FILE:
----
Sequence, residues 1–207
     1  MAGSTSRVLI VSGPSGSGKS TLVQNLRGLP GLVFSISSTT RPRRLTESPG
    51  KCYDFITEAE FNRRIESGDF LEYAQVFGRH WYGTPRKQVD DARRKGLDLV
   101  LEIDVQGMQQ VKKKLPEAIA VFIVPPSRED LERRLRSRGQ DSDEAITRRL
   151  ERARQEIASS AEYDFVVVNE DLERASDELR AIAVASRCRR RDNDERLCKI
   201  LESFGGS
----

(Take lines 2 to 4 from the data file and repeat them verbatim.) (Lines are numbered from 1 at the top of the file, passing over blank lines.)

     1  MAGSTSRVLI VSGPSGSGKS TLVQNLRGLP GLVFSISSTT RPRRLTESPG
    51  KCYDFITEAE FNRRIESGDF LEYAQVFGRH WYGTPRKQVD DARRKGLDLV
   101  LEIDVQGMQQ VKKKLPEAIA VFIVPPSRED LERRLRSRGQ DSDEAITRRL